ARLINGTON -- The Blue Jays are desperate to get Major League home run leader Jose Bautista some protection in the middle of the lineup.
Enter Adam Lind and his favorite place to hit, Rangers Ballpark in Arlington.
Lind revived his Texas magic Tuesday night, crushing two home runs and piling up five RBIs in the Blue Jays' 10-3 victory over the Rangers.
Lind has nine home runs and 25 RBIs in his last 12 games in Arlington. If the Blue Jays could play every game here, Bautista would see nothing but fastballs.
But for the here and now, Toronto can only hope Lind keeps this up for two more games against Texas, and then take his power bat to New York.
"I just had a good game tonight," Lind said. "I didn't feel real great coming in [Monday]. I was hitting .230, we just got it put to us by [James] Shields and David Price and all of the pitchers before that the last two weeks. It feels like we've been facing some tough pitching."
"He hits us pretty good, that's for sure," Texas manager Ron Washington said. "We've got to figure out how to get him out and see if we can do it the next two nights."
Lind's two homers set up Jesse Litsch to push through six innings in his first start since being sent down to the Minor Leagues last week. Litsch allowed three runs on seven hits.
He survived giving up three runs on four straight hits in the second by getting his cutter going. Litsch allowed three singles in the next four innings. He got a key double play in the fifth, with the Blue Jays leading, 7-3. Ian Kinsler led off with a walk, and Elvis Andrus followed by grounding into a double play.
"Everything was moving good," Litsch said. "I was just trying to keep them off balance and work in my strengths and hopefully find their weaknesses."
Left-hander Matt Harrison had been pitching well for the Rangers, but he got into some early trouble. Yunel Escobar and Corey Patterson singled to start the game, and then Harrison pitched around Bautista, walking him on five pitches.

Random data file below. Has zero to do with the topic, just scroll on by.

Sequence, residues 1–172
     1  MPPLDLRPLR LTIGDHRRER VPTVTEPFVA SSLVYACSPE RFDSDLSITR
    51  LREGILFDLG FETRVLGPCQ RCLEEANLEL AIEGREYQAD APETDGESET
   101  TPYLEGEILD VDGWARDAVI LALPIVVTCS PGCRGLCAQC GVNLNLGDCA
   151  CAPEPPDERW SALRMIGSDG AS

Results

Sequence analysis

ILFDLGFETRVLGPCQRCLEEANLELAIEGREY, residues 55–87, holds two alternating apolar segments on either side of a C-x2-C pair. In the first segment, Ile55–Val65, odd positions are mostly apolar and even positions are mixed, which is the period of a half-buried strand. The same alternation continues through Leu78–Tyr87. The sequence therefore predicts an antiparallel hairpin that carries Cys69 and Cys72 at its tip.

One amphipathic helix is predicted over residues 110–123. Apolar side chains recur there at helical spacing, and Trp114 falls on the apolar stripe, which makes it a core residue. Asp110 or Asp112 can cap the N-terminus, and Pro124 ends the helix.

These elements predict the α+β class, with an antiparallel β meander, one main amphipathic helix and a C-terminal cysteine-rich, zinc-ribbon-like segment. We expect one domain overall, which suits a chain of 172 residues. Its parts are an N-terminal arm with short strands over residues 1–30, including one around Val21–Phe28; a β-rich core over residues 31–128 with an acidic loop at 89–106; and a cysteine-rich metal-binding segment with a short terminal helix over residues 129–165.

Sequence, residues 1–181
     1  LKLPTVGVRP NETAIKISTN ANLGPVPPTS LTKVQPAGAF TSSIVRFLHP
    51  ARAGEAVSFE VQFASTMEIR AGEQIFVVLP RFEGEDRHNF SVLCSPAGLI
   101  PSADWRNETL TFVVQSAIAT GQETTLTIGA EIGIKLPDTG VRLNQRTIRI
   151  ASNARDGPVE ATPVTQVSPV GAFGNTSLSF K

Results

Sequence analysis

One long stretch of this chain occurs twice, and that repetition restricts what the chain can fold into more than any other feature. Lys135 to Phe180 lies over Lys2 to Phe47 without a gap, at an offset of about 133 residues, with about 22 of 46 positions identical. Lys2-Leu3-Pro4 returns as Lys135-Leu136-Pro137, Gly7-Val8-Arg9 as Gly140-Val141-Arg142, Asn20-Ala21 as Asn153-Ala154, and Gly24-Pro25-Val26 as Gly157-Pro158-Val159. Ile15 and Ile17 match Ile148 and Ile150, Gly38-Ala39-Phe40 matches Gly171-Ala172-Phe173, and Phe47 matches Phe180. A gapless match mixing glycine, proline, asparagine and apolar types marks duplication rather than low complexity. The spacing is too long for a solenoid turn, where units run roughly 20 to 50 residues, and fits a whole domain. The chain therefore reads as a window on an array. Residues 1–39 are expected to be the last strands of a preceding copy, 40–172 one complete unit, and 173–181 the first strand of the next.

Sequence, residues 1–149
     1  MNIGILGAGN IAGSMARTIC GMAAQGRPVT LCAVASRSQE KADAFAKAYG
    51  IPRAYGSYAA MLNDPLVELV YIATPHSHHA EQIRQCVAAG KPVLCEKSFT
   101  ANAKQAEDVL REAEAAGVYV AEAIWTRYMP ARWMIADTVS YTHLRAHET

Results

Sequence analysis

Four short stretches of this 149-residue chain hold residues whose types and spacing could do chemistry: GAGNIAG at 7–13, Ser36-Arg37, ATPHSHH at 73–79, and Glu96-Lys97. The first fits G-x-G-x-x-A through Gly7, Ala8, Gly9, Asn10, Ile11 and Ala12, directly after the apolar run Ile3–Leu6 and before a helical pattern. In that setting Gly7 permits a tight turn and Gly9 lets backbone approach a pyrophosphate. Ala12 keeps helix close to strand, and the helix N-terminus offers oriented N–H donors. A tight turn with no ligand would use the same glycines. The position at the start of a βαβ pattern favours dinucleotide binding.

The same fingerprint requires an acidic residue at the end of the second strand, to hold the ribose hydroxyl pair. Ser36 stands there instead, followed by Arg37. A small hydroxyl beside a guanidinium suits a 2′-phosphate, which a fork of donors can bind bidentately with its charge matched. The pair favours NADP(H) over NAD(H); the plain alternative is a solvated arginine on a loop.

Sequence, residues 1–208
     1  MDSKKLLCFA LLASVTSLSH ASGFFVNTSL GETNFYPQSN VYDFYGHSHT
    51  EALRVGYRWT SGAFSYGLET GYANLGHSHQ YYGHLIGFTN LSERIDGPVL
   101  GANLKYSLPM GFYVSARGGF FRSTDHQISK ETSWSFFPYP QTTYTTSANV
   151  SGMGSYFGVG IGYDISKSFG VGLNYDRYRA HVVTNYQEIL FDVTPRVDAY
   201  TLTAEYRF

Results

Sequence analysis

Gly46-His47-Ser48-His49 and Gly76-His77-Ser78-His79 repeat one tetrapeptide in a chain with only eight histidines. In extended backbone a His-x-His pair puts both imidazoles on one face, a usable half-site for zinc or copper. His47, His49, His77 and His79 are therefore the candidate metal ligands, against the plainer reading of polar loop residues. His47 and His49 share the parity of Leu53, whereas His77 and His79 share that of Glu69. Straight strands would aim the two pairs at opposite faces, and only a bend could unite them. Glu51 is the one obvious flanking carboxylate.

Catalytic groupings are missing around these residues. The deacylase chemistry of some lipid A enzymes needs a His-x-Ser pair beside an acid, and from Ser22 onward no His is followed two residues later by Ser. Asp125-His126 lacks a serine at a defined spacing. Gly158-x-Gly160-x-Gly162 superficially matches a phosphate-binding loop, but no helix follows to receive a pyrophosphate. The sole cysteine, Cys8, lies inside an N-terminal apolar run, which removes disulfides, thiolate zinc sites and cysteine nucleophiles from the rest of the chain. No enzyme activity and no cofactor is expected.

That brought up Lind, who won the lefty-lefty matchup with Harrison, swatting a first-pitch cutter into right field to score Escobar for 1-0 lead. That seemed to ignite Lind and the Blue Jays' offense. Juan Rivera and J.P. Arencibia walked with the bases loaded for a 3-0 lead. Travis Snider grounded into a double play and John McDonald had a two-out RBI single for a 5-0 lead.
"We swung the ball well the last two nights," Toronto manager John Farrell said. "We came out and manufactured a big inning without the long ball."
Lind then produced two loud long balls. He led off the third against Harrison, working a 1-1 count before lifting a sky high fly ball to left field. The towering shot got up into the Rangers Ballpark jet stream and carried out for a 6-0 lead.
"I hit it good but I wasn't sure," Lind said. "[Rangers left fielder] David Murphy has caught a lot of fly balls against me. And he looked like he had a track on that one." Snider added another run with a single to make it 7-3, setting the stage again for Lind in the fourth.
Lind provided the crushing blow, ripping a three-run blast on the first pitch from reliever Brett Tomko to right field for a 10-3 cushion.
Lind now has five career multihomer games, three of them coming in Arlington. His last multi-home run game came in '09, when he three home runs against Boston at Fenway Park. Lind hit a career-best 35 home runs that season.
He slipped to 23 homers last year and only batted .237. So the sudden burst of power Tuesday night could bode well for a lineup that needs someone to protect Bautista.
Lind has three home runs for the season, and his 17 RBIs lead the club.
"It's very encouraging to see him with that kind of production with so many teams are now pitching around Jose on a pretty regular basis," Farrell said.
Lind understands the pressure of producing behind great players, and a lot has been expected of him since his 35-homer, 117-RBI season in '09.
"I've always felt pressure my entire career," Lind said. "When I first came up, believe or not, I was hitting leadoff. I was hitting in front of Frank Thomas and Vernon Wells and Troy Glaus. I didn't really do too well. And then in '09, I hit behind Vernon.
"I just wanted to give him protection. Now it's the same thing. Jose has been walking a lot and you can tell people don't want to pitch to him, so I really want to prove to them that they have to pitch to him."
Todd Wills is a contributor to MLB.com. This story was not subject to the approval of Major League Baseball or its clubs.